- At Home
College is the best four years of your life (at least, theoretically). It’s about freedom, independence, and eating cold pizza for breakfast just because you can. It’s our first foray into the “real world,” which is pretty exciting, but for parents, I suppose it can be a little frightening to watch the nest empty out.
Hi. My name is April and this fall, I’ll be a college senior.
Having spent three years away from home now, I’ve seen plenty of parents visit their kids at school. I’ll mention right now that I am 110% supportive of parent visits, and I firmly believe that college kids need a little bit of home every now and then. I really love going out to a birthday dinner with my parents. Just because I’ve moved to a new state, it doesn’t mean that I’ve totally grown up.
That said, however, I think some ground rules need to be set for parent visits. It’s a touchy subject, so here’s a quick guide on how to stay connected with your college student without smothering him.
Call First - You know how awkward it is when the neighbors pop by for a drink and you haven’t cleaned the house? Don’t do this to your kids. Your son or daughter might be a perfect little angel, but her roommates might have company of the opposite gender, and you really, really don’t want to interrupt anything. Plus, your own offspring will without a doubt have some “cleaning up” to do before you come over.
Entertain Yourself - College students spend a good amount of daylight hours studying, and parents should find something to do during that time. Walking into a suite to find your roommate's parents sitting on the futon and twiddling their thumbs while waiting for their kid to finish writing a paper is awkward, so don’t loiter.
Stock the Mini-Fridge - Not just for your kids, but for the entire room. Trust me. The quickest and easiest way to get on your kid’s roommates’ good side is to feed them. Dining hall food isn’t particularly good, so snacks and dinners out (even if it’s cheap) are always welcome.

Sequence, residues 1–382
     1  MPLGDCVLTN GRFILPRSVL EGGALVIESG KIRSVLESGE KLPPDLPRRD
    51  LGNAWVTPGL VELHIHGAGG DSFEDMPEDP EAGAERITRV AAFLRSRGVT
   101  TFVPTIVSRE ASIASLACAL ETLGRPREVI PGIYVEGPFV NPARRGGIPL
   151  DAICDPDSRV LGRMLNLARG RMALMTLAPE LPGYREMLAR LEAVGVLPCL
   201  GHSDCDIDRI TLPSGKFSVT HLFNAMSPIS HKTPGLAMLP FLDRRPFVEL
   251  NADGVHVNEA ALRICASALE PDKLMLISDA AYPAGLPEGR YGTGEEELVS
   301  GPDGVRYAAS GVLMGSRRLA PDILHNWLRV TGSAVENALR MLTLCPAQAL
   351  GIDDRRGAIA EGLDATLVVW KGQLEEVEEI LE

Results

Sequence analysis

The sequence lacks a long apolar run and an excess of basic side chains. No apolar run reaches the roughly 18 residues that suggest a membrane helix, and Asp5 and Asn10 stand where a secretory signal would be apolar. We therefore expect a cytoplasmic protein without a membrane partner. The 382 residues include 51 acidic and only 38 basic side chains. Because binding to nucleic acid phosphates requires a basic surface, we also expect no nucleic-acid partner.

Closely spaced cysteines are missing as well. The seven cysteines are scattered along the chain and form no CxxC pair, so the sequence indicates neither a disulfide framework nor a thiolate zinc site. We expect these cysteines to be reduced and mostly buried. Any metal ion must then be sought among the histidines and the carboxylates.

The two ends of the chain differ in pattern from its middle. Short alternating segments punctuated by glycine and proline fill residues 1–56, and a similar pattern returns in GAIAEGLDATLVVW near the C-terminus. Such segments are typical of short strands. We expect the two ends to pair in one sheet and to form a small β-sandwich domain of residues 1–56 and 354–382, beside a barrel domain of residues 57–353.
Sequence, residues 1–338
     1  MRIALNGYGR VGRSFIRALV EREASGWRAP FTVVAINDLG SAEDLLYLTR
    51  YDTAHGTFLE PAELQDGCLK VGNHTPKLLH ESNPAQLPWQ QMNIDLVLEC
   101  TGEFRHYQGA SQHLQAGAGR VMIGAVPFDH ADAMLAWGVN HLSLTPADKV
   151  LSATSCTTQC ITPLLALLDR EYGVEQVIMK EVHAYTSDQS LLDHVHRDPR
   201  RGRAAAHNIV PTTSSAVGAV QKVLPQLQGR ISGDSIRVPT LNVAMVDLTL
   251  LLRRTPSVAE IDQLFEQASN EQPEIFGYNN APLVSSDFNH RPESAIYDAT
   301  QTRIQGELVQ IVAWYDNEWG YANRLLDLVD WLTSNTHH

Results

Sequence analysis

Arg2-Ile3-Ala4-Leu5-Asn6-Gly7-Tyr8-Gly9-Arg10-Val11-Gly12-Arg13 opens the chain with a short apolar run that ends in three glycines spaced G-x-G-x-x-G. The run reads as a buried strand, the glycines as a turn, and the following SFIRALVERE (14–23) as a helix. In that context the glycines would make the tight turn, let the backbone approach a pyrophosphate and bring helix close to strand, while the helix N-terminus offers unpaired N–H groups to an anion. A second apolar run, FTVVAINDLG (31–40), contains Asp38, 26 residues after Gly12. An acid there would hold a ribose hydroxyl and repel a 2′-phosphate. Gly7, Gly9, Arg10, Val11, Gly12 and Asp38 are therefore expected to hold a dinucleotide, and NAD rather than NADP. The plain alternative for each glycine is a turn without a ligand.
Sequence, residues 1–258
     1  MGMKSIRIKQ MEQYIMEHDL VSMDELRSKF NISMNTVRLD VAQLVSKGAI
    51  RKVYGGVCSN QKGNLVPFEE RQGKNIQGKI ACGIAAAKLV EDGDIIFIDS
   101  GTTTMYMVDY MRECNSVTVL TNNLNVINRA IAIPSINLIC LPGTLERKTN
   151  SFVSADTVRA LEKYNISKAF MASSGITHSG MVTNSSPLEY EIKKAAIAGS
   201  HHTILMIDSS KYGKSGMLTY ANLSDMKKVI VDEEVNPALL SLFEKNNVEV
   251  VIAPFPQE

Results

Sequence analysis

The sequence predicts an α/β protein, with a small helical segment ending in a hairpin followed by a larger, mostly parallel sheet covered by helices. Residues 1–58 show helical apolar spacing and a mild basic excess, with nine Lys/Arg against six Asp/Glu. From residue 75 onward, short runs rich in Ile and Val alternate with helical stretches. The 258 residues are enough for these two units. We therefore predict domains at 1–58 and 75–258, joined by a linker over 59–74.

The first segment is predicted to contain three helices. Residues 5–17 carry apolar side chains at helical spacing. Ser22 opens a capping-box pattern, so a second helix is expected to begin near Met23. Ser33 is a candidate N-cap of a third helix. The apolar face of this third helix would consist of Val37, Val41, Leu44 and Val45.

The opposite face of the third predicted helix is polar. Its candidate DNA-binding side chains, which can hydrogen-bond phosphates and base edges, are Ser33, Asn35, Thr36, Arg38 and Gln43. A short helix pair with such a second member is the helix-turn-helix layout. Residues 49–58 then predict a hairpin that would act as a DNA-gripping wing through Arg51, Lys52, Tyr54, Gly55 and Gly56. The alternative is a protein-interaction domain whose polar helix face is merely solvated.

Find a Place to Stay - Nothing’s more awkward than stumbling out of one’s bedroom in the morning to find a roommate’s parents asleep on the futon. A dormitory suite is not a house, and there are no guest bedrooms. Make your lodging plans ahead of time.
Be Those Parents Who Visit Every Weekend - Independence only works if both sides participate. You know how your kid stopped calling you everyday after the first week of college? It’s because she’s starting to figure out how living on one’s own actually works. Stay calm. Visiting every weekend hinders your son or daughter's ability to become independent (and kids really need to learn to cook and do laundry on their own at some point).
Stay for More Than a Few Days - A “visit” constitutes one or two days with your child. If you plan on sticking around campus for a week or so, you’re either looking for a cheap vacation or trying to relive the glory days. Parents should come and go.
Judge - Your child runs on his own schedule now. His suite or dorm room will likely be messy, and he’ll probably wait until he’s all out of socks and underwear before doing laundry. He’ll study late at night instead of right after class and he’ll subsist on ramen noodles and popsicles instead of balanced meals. Just let it happen. Keep calm, turn your gaze away from the dust bunnies piling up in the corners of the room, and save your complaints for the ride home.
Think you’re visiting too much? You might be. If you still need to send your love, stick a care package in the mail. College students love getting presents (this is a first-hand account, and I assure you, it’s absolutely true), because they are non-time-consuming representations of home and family, and also, because you just can’t get cookies at school like Mom makes them at home.
Does it look like there are a lot of rules? Yes, but it’s really pretty simple and it boils down to this: If you wouldn’t want the neighbors to act a certain way in your house, don’t act that way towards your kids.
I’ve spent three years away from home now, and I still get excited when my parents come to visit, because I genuinely want a hug from Mom and Dad and an update on how the pets are doing. But there does come a point when parents overstep their boundaries. So from college students everywhere, please come visit, just don’t overdo it.